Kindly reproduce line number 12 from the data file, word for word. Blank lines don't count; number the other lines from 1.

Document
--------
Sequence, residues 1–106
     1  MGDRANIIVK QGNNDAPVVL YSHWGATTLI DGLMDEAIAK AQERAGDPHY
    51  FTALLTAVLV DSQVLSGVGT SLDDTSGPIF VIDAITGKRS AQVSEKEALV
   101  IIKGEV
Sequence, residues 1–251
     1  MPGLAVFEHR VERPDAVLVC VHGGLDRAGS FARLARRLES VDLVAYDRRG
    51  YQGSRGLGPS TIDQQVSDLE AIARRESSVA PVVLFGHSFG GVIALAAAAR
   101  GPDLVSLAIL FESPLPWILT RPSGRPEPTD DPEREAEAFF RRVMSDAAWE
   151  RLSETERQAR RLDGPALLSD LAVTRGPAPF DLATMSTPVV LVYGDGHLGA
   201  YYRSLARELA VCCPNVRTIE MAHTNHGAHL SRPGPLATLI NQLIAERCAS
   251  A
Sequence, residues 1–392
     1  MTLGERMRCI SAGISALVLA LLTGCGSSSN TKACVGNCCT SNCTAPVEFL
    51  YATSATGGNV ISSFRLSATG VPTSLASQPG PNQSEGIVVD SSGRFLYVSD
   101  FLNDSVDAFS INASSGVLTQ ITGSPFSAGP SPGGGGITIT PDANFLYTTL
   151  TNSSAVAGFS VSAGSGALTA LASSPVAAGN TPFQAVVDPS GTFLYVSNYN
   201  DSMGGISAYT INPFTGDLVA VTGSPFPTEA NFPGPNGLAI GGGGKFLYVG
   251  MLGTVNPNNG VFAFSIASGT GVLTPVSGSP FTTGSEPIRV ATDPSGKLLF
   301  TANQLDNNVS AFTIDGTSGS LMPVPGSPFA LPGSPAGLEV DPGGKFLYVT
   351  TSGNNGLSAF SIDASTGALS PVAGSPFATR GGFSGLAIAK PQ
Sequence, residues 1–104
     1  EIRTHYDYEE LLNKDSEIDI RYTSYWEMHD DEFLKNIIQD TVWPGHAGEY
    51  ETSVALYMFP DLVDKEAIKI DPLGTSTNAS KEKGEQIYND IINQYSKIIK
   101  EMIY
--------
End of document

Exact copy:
Sequence, residues 1–392